Image_1_In vitro Synergy of Polyphenolic Extracts From Honey, Myrtle and Pomegranate Against Oral Pathogens, S. mutans and R. dentocariosa.TIF (64.27 kB)
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Image_1_In vitro Synergy of Polyphenolic Extracts From Honey, Myrtle and Pomegranate Against Oral Pathogens, S. mutans and R. dentocariosa.TIF

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posted on 24.07.2020, 08:29 by Daniela Sateriale, Serena Facchiano, Roberta Colicchio, Chiara Pagliuca, Ettore Varricchio, Marina Paolucci, Maria Grazia Volpe, Paola Salvatore, Caterina Pagliarulo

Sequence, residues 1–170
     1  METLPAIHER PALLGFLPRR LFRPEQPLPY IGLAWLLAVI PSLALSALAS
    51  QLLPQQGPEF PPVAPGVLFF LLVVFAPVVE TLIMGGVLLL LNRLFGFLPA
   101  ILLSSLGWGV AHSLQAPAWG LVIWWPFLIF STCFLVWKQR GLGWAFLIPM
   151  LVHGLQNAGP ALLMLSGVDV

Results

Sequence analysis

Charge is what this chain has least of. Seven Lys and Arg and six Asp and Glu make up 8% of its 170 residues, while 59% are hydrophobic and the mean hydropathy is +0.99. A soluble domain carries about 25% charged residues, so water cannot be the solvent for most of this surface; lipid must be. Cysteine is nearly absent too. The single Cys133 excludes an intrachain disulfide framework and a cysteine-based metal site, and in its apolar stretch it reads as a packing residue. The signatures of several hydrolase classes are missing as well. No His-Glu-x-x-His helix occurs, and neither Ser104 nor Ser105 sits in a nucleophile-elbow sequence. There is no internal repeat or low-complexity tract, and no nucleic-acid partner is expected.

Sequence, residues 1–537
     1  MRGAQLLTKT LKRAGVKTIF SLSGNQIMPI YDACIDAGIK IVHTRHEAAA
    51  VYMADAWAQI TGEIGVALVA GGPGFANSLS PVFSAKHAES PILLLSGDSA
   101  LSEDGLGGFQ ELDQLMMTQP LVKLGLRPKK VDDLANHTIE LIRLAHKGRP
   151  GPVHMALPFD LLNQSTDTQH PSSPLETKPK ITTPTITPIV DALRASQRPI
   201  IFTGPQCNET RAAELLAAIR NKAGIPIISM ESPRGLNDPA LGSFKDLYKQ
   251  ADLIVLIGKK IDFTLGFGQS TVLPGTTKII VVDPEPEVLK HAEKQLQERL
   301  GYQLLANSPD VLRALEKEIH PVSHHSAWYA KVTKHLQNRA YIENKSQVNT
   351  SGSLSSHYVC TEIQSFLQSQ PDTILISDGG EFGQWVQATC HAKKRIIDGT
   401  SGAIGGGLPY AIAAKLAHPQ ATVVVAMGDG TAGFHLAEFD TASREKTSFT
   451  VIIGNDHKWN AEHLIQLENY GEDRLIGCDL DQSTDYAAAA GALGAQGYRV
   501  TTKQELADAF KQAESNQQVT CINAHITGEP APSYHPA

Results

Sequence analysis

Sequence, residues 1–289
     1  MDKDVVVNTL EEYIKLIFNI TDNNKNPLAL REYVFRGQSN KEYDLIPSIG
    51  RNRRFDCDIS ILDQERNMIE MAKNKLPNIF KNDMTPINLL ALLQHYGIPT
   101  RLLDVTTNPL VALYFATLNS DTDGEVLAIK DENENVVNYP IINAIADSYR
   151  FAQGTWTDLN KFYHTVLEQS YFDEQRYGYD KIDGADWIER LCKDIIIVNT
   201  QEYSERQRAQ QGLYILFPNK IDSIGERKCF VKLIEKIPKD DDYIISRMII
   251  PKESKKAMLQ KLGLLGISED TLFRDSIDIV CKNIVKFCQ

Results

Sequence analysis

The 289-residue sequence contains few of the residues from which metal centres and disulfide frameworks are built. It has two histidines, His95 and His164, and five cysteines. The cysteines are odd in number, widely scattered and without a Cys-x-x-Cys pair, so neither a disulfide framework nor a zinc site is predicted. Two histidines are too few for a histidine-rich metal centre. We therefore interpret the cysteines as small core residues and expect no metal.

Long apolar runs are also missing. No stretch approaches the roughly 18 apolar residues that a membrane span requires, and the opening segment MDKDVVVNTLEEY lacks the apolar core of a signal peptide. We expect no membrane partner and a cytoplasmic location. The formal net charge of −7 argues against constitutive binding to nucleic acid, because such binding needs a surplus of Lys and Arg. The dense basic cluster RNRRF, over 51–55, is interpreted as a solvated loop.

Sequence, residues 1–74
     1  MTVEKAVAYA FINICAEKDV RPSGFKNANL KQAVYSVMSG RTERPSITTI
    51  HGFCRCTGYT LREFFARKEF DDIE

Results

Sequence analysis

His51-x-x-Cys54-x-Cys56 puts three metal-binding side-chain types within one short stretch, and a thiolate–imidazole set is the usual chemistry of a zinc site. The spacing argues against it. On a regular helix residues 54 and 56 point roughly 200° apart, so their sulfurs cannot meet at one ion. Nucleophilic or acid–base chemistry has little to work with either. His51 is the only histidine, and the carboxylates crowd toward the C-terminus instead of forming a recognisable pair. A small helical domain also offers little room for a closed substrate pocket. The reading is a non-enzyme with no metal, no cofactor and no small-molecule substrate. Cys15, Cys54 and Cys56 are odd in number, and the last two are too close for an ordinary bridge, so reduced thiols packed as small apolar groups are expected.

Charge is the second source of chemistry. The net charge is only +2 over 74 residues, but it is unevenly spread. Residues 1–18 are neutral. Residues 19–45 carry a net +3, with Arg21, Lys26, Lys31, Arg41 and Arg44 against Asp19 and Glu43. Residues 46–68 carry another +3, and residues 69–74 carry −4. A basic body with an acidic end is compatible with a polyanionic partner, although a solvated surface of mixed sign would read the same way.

The increasing incidence rate of oral diseases, the wide spread of antimicrobial resistance, and the adverse effects of conventional antibiotics mean alternative prevention and treatment options are needed to counteract oral pathogens. In this regard, our study aims to evaluate the antibacterial activity of polyphenolic extracts prepared from acacia honey, myrtle leaves, and pomegranate peel against cariogenic bacteria, such as Streptococcus mutans and Rothia dentocariosa. The chemical-physical parameters of acacia honey and the RP-HPLC polyphenolic profile of pomegranate peel extract have been previously described in our studies, while the characterization of myrtle extract, performed by HPLC analysis, is reported here. All the extracts were used singly and in binary combinations to highlight any synergistic effects. Moreover, the extracts were tested in association with amoxicillin to evaluate their ability to reduce the effective dose of this drug in vitro. The values of minimal inhibitory concentrations and minimal bactericidal concentrations have been used to quantitatively measure the antibacterial activity of the single extracts, while the fractional inhibitory concentration index has been considered as predictor of in vitro anticariogenic synergistic effects. Finally, a time-kill curve method allowed for the evaluation of the bactericidal efficacy of the combined extracts. The microbiological tests suggest that acacia honey, myrtle, and pomegranate extracts are able to inhibit the cariogenic bacteria, also with synergistic effects. This study provides useful and encouraging results for the use of natural extract combinations alone or in association with antibiotics (adjuvant therapy) as a valid alternative for the prevention and treatment of oral infectious diseases.

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